White's SeahorseLike most animals, seahorses, seadragons, pipefish, ghostpipefish and pipehorses are found in areas inhabited by their favoured prey. Often the ends of jetties are rich with syngnathiformes due to water circulation patterns that deliver rich patches of zooplankton and shrimp on which they feed. Seahorses in particular are able to wrap their tails around structures and feed on passing prey organisms. Pipefish are present among many reed-like seagrasses where their body shape and colour mimics their surroundings. Here they are able to employ their sit and wait feeding strategy to attack unsuspecting small crustacean prey.

Tiger PipefishThere are at least 31 syngnathids (7 seahorses) and four solenostomids (ghostpipefish) species known to exist in NSW waters. Two of these species, the white's seahorse Hippocampus whitei and the pygmy pipehorse Idiotropiseis lumnitzeri, are considered to be endemic to NSW. Only two species are known to occur in Port Stephens (Hippocampus abdominalis and Hippocampus whitei).

On the 1 July 2004 all species of the families sygnathidae and solenostomidae became listed as "protected" under the NSW Fisheries Management Act 1994. It is an offence to collect or harvest any seahorse, seadragon, pipefish, pipehorse or ghostpipefish species in NSW waters without a permit or licence, and heavy penalties apply. For corporations, these penalties can include fines of up to $55,000 while in other cases they can include fines of up to $11,000 and up to 3 months in prison.

Weedy SeadragonLimited quantities of syngnathiformes may be collected for scientific purposes, as aquaculture broodstock or for other specific uses, however this will only be allowed under permit and only once the impacts of any proposed collecting is assessed to ensure the viability of local populations. The new protection afforded by the NSW Fisheries Management Act 1994 will allow for monitoring controls over trade and the collection of these species by aquarists.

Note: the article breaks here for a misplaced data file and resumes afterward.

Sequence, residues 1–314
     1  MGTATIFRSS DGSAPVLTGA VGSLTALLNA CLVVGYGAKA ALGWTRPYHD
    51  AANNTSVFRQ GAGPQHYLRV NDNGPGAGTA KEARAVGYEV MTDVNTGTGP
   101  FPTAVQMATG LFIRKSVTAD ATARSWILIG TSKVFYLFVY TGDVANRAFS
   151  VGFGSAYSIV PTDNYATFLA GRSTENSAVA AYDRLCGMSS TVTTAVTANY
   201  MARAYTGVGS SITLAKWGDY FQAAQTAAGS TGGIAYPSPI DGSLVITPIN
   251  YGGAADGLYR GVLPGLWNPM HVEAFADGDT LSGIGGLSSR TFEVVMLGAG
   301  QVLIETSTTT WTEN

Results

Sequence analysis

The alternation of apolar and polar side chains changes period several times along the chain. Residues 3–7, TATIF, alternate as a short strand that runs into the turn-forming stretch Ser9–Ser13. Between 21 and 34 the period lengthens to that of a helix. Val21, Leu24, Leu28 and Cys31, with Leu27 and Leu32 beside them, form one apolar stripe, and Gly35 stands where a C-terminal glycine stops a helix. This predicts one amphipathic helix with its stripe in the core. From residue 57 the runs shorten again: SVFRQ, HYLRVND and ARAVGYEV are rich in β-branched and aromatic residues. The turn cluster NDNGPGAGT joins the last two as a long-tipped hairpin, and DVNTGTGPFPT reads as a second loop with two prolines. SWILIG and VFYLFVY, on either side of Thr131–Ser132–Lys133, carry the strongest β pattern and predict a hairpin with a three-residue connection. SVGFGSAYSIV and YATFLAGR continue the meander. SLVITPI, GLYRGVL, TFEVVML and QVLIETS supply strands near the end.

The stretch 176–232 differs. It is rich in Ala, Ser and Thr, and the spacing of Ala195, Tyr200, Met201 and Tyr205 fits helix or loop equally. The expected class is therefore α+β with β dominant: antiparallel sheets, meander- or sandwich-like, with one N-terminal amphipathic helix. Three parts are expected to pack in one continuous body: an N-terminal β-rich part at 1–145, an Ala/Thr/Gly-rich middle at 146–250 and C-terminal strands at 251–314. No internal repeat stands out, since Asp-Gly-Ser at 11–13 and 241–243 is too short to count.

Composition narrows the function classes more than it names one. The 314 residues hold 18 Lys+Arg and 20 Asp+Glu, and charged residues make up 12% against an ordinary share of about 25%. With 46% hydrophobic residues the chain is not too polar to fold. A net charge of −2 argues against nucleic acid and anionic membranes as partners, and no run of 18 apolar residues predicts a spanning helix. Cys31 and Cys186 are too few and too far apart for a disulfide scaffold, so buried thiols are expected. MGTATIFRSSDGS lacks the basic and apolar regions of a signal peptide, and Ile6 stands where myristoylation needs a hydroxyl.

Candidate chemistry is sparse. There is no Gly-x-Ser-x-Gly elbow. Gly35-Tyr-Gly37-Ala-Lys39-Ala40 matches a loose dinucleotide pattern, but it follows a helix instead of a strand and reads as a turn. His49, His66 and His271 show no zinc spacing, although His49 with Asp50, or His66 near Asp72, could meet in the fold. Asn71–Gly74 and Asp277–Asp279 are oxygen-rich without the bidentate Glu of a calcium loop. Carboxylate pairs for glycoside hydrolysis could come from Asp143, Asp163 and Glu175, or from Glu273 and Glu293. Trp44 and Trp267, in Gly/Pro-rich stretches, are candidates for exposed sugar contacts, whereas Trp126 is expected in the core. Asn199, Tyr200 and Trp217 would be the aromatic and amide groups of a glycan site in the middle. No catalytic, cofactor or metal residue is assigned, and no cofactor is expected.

A new PhD research project has commenced through the University of Newcastle with support from Project Seahorse and the NSW Department of Primary Industries. This research will focus on the syngnathids within the Port Stephens – Great Lakes Marine Park and will examine the distribution and abundance of Hippocampus whitei within the Fly Point - Halifax Park Aquatic reserve and similar habitats outside the reserve. Surveys will also examine the habitat preference and depth range for Hippocampus whitei and also monitor the distribution and abundance of other syngnathid species within Port Stephens (such as the Tiger Pipefish Filicampus tigris ). This project is expected to be completed by 2010 and for further information contact the author.


Bell , E.M., J.F. Lockyear, J.M. McPherson, D. Marsden & A.J. Vincent. 2003. First field studies of an Endangered South African seahorse, Hippocampus capensis . Environmental Biology of Fishes 67: 35–46.

Kuiter, Rudie H ., 2001. Revision of the Australian seahorses of the genus Hippocampus (Syngnathiformes: Syngnathidae) with descriptions of nine new species. Records of the Australian Museum 53(3): 293–340.

Kuiter, R.H. 2000. Seahorses, Pipefishes and their relatives: a Comprehensive Guide to Syngnathiformes. TMC Publishing, Chorleywood , UK . 240 pp.

Lourie , S.A. , A.C.J. Vincent & H.J. Hall. 1999.Seahorses: An Identification Guide to the World's Species and their Conservation. Project Seahorse, London , U.K. 214 pp.

Hippocampus abdominalis
Ornate Ghost Pipefish
Weedy Sea Dragon